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May
8
comment How can probabilities be modeled in a universe where time travel is possible?
I think we agree :)
May
8
comment How can probabilities be modeled in a universe where time travel is possible?
just to further strengthen the claims: if instead of a die you'd flip a coin, it appears that with practice it is possible to flip the coin in such a way that the probability of it landing on a side of your preference is significantly larger than $1/2$. Thus, the flipper may actually make a fair coin appear biased (and thus also a biased one appear fair).
May
8
comment How can probabilities be modeled in a universe where time travel is possible?
the point I wanted (but failed) to make is that the frequentists approach is quite artificial in the case of life in the universe. Sure, we can imagine having multiple universes, but such a situation is quite far removed from what we actually mean. A simpler example would be: Suppose I hold coin in one of my hands. I know where it is, but you don't (and assume I chose where to place it at random). From your frequentist point of view, the probability of the coin being in my right hand is $1/2$. But from my point of view, since I know where it is, it is either $0$ or $1$.
May
8
comment How can probabilities be modeled in a universe where time travel is possible?
I must disagree there @fgp. The frequentist interpretation of probabilities is not the only one. Probabilities can also be seen as expressing levels of certainty. Quite often, as in the case of rolling a die and life in the universe, both interpretations make sense. But (which is my claim), for rolling a die the frequentists approach is very suitable, while for life in the universe the frequentists approach is less appropriate (though I'm not saying it is wrong). Such debates tend to ignite world wars between pure frequentists and pure Baysians. Jaynes is showing a sane middle way.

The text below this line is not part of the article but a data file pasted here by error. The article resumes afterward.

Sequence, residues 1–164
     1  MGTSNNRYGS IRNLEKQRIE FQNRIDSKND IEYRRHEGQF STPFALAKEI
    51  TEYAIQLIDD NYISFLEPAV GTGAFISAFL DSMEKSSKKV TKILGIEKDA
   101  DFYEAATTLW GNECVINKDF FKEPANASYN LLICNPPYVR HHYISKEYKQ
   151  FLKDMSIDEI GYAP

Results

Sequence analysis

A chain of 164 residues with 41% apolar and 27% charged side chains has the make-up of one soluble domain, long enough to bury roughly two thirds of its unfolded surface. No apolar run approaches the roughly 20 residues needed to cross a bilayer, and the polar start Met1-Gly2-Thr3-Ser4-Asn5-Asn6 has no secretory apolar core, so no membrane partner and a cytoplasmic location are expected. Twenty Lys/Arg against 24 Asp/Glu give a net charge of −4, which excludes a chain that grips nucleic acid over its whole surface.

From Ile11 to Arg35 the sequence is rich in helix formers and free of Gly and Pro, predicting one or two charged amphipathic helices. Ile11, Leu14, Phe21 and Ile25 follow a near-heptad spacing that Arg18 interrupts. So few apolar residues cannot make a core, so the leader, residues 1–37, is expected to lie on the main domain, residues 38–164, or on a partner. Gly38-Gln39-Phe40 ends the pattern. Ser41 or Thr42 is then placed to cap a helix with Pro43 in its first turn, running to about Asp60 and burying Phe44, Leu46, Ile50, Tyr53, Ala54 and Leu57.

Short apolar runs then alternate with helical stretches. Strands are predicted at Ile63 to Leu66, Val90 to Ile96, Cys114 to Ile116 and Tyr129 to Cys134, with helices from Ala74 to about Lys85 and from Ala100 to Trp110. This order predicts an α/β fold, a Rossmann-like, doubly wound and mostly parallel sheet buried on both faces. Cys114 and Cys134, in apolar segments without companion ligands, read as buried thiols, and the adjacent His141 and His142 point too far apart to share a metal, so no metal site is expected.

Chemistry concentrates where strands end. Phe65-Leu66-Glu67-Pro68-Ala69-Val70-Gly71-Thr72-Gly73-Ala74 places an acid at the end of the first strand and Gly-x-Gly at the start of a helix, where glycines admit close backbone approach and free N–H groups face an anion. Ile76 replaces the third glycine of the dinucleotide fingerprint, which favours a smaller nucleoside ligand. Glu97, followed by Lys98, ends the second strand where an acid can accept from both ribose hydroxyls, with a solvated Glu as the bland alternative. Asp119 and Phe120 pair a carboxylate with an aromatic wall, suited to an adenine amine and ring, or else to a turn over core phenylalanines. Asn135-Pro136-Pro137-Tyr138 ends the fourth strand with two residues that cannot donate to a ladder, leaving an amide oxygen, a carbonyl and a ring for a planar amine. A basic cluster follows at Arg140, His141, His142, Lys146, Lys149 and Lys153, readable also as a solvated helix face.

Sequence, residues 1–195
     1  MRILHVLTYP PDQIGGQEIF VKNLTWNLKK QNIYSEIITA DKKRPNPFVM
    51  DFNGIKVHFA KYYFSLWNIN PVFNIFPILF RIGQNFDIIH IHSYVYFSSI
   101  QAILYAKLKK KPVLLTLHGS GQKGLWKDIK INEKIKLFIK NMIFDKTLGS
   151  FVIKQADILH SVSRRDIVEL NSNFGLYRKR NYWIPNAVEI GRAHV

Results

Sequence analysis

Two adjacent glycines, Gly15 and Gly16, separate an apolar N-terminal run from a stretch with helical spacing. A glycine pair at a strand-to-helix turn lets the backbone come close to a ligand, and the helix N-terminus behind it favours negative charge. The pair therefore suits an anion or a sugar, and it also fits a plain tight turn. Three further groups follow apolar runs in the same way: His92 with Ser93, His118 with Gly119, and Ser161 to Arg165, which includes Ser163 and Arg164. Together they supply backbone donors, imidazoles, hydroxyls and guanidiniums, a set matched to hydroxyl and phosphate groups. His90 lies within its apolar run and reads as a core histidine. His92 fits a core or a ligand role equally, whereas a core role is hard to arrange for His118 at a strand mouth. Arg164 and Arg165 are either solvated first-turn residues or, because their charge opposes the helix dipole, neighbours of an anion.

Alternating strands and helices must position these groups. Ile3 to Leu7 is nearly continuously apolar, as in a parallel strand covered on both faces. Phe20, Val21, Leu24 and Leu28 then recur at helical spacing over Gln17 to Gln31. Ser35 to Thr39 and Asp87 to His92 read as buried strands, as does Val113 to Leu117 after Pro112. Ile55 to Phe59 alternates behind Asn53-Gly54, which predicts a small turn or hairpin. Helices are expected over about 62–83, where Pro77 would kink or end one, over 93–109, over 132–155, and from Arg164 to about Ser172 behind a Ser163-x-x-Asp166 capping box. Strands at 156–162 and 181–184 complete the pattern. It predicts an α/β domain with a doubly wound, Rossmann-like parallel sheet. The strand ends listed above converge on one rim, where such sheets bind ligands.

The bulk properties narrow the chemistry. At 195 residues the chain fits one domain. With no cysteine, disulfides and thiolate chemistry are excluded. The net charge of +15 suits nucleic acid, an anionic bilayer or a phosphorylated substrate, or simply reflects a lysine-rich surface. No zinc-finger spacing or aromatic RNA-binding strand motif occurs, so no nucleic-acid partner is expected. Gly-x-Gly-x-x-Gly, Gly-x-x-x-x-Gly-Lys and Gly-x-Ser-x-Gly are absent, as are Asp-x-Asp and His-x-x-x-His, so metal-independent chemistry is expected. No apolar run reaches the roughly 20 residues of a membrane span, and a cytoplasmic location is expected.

May
8
answered How can probabilities be modeled in a universe where time travel is possible?
May
8
answered Is there a simple way to illustrate that Fermat's Last Theorem is plausible?
May
8
comment Green's theorem: does clockwise vs counterclockwise matter?
changing direction changes the sign of the integral.
May
8
comment Left and Right inverses of linear operators
yes, that is exactly what I said.
May
8
answered Left and Right inverses of linear operators
May
8
comment Is T an isomorphism?
then you should have tagged the question as homework, provided your answer, and ask for feedback on it.
May
8
comment Is T an isomorphism?
is this homework?
May
7
comment Are proofs in geometry rigorous?
I see @rghthndsd and agree. Thank you for the clarification :)
May
5
awarded  Nice Answer
May
5
comment Proving that operations give equal results given equal inputs
I don't quite understand what the problem is. If $a=b$ then you may interchange $a$ and $b$ since they are the same. They are just different letters representing the same thing. Thus, $a\cdot c=b\cdot c$. QED.
May
5
comment How to find the limiting sum?
Use the Taylor series for $\cos x$.
May
5
revised Show that the function is discontinuous in $\mathbb{R}$
edited title
May
4
comment Are proofs in geometry rigorous?
Yes, well, the Elements need to be read in context, filling in some axioms that were not stated explicitly but appear, both explicitly and implicitly, in the arguments used. As said, using modern standard, we would have done things differently.
May
4
comment Are proofs in geometry rigorous?
@studiosus I believe the question was how does one rigorously establish results in geometry, regardless of a particular property to prove. I find the question meaningful.
May
4
revised Are proofs in geometry rigorous?
added 1348 characters in body
May
4
answered Are proofs in geometry rigorous?